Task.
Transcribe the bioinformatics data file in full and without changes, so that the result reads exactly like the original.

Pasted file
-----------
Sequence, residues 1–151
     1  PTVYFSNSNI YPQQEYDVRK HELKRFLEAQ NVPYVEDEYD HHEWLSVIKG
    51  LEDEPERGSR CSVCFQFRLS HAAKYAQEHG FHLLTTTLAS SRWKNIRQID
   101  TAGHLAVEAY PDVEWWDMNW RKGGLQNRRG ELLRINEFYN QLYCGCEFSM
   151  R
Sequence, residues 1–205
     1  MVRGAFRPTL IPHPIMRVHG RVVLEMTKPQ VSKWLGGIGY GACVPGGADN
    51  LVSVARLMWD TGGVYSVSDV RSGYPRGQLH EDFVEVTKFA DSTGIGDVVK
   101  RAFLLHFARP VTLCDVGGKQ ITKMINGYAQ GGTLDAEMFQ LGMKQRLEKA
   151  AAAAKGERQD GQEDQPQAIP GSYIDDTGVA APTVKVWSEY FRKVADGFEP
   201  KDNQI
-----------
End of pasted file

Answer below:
Sequence, residues 1–151
     1  PTVYFSNSNI YPQQEYDVRK HELKRFLEAQ NVPYVEDEYD HHEWLSVIKG
    51  LEDEPERGSR CSVCFQFRLS HAAKYAQEHG FHLLTTTLAS SRWKNIRQID
   101  TAGHLAVEAY PDVEWWDMNW RKGGLQNRRG ELLRINEFYN QLYCGCEFSM
   151  R
Sequence, residues 1–205
     1  MVRGAFRPTL IPHPIMRVHG RVVLEMTKPQ VSKWLGGIGY GACVPGGADN
    51  LVSVARLMWD TGGVYSVSDV RSGYPRGQLH EDFVEVTKFA DSTGIGDVVK
   101  RAFLLHFARP VTLCDVGGKQ ITKMINGYAQ GGTLDAEMFQ LGMKQRLEKA
   151  AAAAKGERQD GQEDQPQAIP GSYIDDTGVA APTVKVWSEY FRKVADGFEP
   201  KDNQI